Advertisement

—Prudie, factually

Hello, Prudie,
I'm getting married in December to the most loving and kind guy I've ever known. I consider myself an attractive woman who is usually attracted to the unattractive guy. This is because I think the unattractive men are usually the sweetest for the reason that they think they don't have anything else going for them but their personality. The point of this letter is that my fiance has adult acne. We've never talked about it, except once when he wasn't aware he was talking about it. (He'd just taken a sleeping pill and was practically drunk from it.) I know it embarrasses him, but I just don't know how to address it. I know he's dreading wedding pictures and meeting all of my family, especially if he still looks like a teenager with raging hormones. (He's 25.) I want to help him but I also don't want to embarrass him. He is very comfortable around me and I don't want him to think, "Is she looking at my zits?" every time I look at his face. Help!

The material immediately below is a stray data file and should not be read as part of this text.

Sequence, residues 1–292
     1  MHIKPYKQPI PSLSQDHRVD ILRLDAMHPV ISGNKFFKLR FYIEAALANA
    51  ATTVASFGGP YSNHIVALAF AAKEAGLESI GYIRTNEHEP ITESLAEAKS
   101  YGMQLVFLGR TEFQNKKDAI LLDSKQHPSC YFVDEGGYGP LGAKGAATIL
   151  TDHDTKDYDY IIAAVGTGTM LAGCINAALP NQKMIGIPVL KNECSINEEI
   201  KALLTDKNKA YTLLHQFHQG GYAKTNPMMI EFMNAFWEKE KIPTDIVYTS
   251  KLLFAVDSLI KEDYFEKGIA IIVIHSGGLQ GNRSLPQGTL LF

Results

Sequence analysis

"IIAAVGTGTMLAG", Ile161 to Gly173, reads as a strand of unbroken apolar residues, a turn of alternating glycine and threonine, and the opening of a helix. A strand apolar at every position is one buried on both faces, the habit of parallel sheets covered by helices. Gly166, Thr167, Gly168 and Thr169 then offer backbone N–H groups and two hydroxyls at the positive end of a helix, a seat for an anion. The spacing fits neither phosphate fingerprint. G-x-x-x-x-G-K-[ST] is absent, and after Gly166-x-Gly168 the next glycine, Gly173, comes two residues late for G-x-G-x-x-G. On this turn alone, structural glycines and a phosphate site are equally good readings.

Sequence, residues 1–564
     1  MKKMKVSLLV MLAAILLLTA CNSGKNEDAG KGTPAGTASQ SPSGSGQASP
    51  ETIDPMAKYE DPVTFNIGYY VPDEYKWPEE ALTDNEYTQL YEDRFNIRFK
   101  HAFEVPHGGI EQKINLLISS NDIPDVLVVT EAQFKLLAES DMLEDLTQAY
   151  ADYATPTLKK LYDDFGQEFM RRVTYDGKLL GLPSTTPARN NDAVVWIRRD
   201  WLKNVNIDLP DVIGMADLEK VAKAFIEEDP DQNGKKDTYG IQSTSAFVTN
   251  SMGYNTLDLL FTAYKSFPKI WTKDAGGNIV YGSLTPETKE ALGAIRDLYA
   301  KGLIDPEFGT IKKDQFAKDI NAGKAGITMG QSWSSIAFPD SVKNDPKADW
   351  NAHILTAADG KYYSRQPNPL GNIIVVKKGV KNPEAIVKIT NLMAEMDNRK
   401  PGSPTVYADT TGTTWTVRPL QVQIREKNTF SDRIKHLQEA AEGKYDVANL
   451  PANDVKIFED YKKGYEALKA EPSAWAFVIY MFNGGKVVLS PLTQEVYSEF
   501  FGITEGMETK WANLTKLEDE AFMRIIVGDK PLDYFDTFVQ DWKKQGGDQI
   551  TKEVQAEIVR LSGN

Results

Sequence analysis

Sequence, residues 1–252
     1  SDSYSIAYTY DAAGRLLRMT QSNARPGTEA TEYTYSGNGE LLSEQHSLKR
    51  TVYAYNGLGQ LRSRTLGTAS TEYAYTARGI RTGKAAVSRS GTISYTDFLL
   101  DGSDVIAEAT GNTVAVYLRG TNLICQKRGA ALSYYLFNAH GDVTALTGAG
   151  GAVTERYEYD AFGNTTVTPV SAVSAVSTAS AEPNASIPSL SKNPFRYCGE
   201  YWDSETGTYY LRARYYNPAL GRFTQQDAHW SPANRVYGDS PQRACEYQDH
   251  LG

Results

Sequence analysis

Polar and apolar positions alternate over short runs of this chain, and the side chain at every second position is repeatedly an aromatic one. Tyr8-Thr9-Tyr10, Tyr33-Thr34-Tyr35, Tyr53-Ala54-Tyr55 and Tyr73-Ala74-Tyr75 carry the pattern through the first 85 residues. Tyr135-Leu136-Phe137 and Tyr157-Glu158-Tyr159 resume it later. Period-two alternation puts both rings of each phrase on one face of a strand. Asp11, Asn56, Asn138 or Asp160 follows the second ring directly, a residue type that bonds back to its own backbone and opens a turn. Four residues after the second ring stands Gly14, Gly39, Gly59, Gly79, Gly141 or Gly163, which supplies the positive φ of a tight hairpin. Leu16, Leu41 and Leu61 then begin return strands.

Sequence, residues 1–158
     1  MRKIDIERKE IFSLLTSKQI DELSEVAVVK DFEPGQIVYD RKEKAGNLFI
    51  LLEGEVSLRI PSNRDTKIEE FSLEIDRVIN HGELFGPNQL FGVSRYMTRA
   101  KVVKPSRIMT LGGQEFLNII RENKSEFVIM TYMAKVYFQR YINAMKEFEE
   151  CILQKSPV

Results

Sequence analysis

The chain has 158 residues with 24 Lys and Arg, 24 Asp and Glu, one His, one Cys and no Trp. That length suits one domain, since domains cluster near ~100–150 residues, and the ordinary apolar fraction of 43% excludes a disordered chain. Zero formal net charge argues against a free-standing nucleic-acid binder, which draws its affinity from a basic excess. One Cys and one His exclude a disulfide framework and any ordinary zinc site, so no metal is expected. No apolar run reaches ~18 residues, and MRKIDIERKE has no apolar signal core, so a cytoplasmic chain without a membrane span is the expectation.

—Worried Bride

Dear Wor,
Your lovely guy knows he has acne, so you will not be breaking the news to him. It is a little surprising that he has not tried to deal with this before, because there are different ways to improve or eliminate acne, all starting with a dermatologist. Because of the wedding, tell him you want both of you to look your best, and suggest he see a skin doc because you know there are meds or procedures for acne. Then announce that you are going to lighten your hair/drop five pounds/whatever. Have a terrific wedding party.

—Prudie, strategically